Triple Screen Arcade Video Circuit combines an off-the-shelf low cost video controller IC with a FPGA (field programmable gate Array) circuit to create a three screen video output circuit. This overall circuit has the features of low production cost (only a modest size FPGA is needed), low development cost (no new custom IC needs be designed), has all three video screen outputs vertically phase locked and has a single video hardware memory map. The three screen phase locking reduces eye fatigue for the viewer and improves frame to frame timing of animation of large multi-screen images, below a few nanoseconds of error. The single hardware memory map allows for off-the-shelf video games and any animating application software to make use of the all three screens of this video display circuit, as no modification to software is needed to accommodate multiple video fame memories.


FIG. 1 Low Cost 3 Screen Arcade with Single Memory Map, shows typical 3 display orientation and representation as one triple wide image area in video memory.

FIG. 2. Circuitry Layout with Functional Description of 3 Display System, how video memory is scanned by the two video engines in the video controller and how the second double-wide image is digitally processed into two normal size video flows.

FIG. 3. Faster video data updates (writes and reads) can be done from the computer bus into video memory with this variant of the design, that allows for ˝ normal scan speed of the scan engine for the double wide video flow.


The present invention relates to the use of video controller chips to make more useful display systems with more screens, than had been intended as the feature sets of the video controller chips. Also that the larger number of displays may be vertically and horizontally phase locked. Also that the multiple displays have a single video memory map as perceived by common game software applications, flight simulator software applications and business applications, particularly those that are benefited from multiple windows.

This invention lowers the cost of such products, for cost to the users and cost of development. This invention also adds features not commonly found in uses of the same video controller integrated circuit chips.

Description of the Prior Art

Prior art typically used multiple video controller chips to create multiple displays. The prior are does not use a double wide second video flow, then split into two normal size flows to increase the number of display screen outputs. The prior art has taken multiple video controllers and copied them onto a single piece of silicon, but they are in function and practice, multiple video controllers. As such the computers using the video designs of that nature do not see the video memory as continuous. Thus 3 or more screen games and other applications must be made custom for those video designs. This reduces product usefulness to the users, and increases costs to the users. Prior art does not use dual scan engine video controllers as a low cost starting point to achieve three screen video systems.

Description of the Preferred Embodiments

Invention embodies, expand the intended use of Laptop PC video controller chip 100 and 200, that was intended for use in dual screen laptop personal computers, to achieve an additional video output stream to a third screen 101 and 102. Invention embodies a video controller IC and additional digital circuits to split a double-wide image 101 into two smaller images 103 and 104.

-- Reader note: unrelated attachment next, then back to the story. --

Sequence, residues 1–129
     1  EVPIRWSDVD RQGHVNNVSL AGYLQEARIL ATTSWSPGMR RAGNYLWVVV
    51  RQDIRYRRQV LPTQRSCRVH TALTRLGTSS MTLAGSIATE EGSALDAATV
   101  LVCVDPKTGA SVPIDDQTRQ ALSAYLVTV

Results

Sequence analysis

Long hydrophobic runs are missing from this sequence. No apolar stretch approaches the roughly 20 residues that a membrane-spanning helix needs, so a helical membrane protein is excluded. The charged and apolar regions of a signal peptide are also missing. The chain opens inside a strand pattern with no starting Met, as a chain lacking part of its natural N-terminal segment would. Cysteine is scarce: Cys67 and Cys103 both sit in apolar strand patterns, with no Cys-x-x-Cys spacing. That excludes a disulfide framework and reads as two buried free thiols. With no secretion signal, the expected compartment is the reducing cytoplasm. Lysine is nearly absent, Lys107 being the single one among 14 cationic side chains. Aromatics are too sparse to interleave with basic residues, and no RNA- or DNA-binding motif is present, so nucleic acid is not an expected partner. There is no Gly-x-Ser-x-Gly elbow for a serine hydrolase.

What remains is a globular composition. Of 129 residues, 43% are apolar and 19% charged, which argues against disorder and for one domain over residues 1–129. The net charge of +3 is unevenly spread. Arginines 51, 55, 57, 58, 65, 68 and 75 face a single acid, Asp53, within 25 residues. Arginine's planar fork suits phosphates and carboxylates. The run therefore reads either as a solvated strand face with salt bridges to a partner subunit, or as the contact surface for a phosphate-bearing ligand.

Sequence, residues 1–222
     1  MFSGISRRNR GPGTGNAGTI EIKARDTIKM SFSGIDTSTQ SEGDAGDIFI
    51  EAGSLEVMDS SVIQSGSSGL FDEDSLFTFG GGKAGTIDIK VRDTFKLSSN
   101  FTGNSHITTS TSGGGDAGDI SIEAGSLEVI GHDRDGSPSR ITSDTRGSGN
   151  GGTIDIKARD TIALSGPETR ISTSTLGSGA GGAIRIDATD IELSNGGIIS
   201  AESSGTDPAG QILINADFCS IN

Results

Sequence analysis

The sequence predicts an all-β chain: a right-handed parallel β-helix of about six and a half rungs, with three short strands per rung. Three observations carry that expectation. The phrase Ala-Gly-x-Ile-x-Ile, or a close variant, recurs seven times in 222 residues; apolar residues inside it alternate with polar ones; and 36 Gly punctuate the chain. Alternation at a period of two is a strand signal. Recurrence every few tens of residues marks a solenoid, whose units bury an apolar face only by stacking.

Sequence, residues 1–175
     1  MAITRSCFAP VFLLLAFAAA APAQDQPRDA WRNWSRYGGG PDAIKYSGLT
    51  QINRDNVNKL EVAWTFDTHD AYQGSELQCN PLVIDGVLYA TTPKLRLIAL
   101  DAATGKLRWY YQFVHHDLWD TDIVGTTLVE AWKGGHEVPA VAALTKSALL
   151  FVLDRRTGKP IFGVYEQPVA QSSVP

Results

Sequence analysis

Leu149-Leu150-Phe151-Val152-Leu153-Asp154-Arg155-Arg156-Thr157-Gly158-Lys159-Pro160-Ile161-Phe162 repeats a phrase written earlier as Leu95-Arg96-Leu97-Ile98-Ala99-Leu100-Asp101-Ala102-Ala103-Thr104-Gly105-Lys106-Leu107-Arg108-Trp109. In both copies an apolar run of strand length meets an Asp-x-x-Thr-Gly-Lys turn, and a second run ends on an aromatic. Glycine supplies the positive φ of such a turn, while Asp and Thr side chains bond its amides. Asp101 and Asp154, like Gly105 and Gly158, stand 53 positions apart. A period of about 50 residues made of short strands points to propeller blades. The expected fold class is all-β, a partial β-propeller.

The invention uses a single dual output (dual scan engine) video controller 200, that has one scan engine assigned to be the master scan engine that scans 2048 by 768 pixels, 204 and second scan engine assigned to be the slave 201. The master scan engine scans a 8×3 ratio image and outputs its data via a 24 bit parallel bus and that data stream is divided into to data streams by the line buffer in the FPGA 206. Invention embodies circuits that use the same clock rate, thus able to use video clock subtractor (clock subtraction circuit) 202 of U.S. Pat. No. 6,626,695. The slave scan engine, uniquely scanning half the number of pixels as the master scan engine, has its clocks interrupted by the video clock subtractor 202 to achieve vertical and horizontal phase locking of the final display data flows. Invention embodies the multiplexing of the I2C ports 203 on the video controller to provide low cost control of the added digital circuits by the software video driver. Invention embodies the multiplexing of the I2C ports to provide I2C ports for each of the users display screens. Invention embodies the continuous video memory map to provide easy use of software applications that display imagery on all three screens.

Easing of the video memory bandwidth requirement of the video controller IC is done by scanning video memory in the video controller IC at ˝ normal scan speed 300. This improves the memory bandwidth remaining for the users video data from his/her computer to be painted into video memory faster. This is done by the added frame memory to the FPGA, so that a whole 30 Hhz frame of 2048 by 762 image can be held for faster scanning by the final output 300.

The recovery of full speed frames to the final video flow is done by the FPGA managing two video memory IC's acting as double buffer frame memories 300. The line buffer 301 in conjunction with the memories converts the 30 Hz output 302 of the master scan engine in the video controller IC to 60 Hz in the final data flow to the user's display monitors. Timing control of the external frame buffer memories 300 is accomplished by using the synchronous feature of SDRAM for the final read scanning, while using 1024 count jumps in memory addressing when writing every other pixel into the memory controlled by the FPGA.

Referenced by
Citing PatentFiling datePublication dateApplicantTitle
US8139072Apr 14, 2008Mar 20, 2012Mcgowan Scott JamesNetwork hardware graphics adapter compression
US8226476Nov 4, 2009Jul 24, 2012Quado Media Inc.Multi-player, multi-screens, electronic gaming platform and system
US8441493Feb 14, 2012May 14, 2013Trust Hilary Max MichaelNetwork hardware graphics adapter compression
US8480469Apr 30, 2012Jul 9, 2013Quado Media Inc.Electronic gaming platform having physical gadget
US8485883Apr 30, 2012Jul 16, 2013Quado Media Inc.Electronic gaming platform having object oriented remote control
US8773378Sep 28, 2011Jul 8, 2014Z124Smartpad split screen
US8795062Aug 26, 2008Aug 5, 2014Aristocrat Technologies Pty LimitedGaming system, a group game controller, a method of displaying an outcome of a group game and a group game display
US8856679Sep 26, 2012Oct 7, 2014Z124Smartpad-stacking
US8866748Sep 28, 2011Oct 21, 2014Z124Desktop reveal
US8884841Feb 29, 2012Nov 11, 2014Z124Smartpad screen management
US8890768Feb 29, 2012Nov 18, 2014Z124Smartpad screen modes
US8907904Sep 28, 2011Dec 9, 2014Z124Smartpad split screen desktop
US20110047476 *Mar 24, 2008Feb 24, 2011Hochmuth Roland MImage-based remote access system
EP2622494A2 *Sep 29, 2011Aug 7, 2013Z124Smartpad split screen
U.S. Classification345/1.3
International ClassificationG09G5/00
Cooperative ClassificationG06F3/1431, G09G5/12, G09G2300/0408
European ClassificationG06F3/14C2, G09G5/12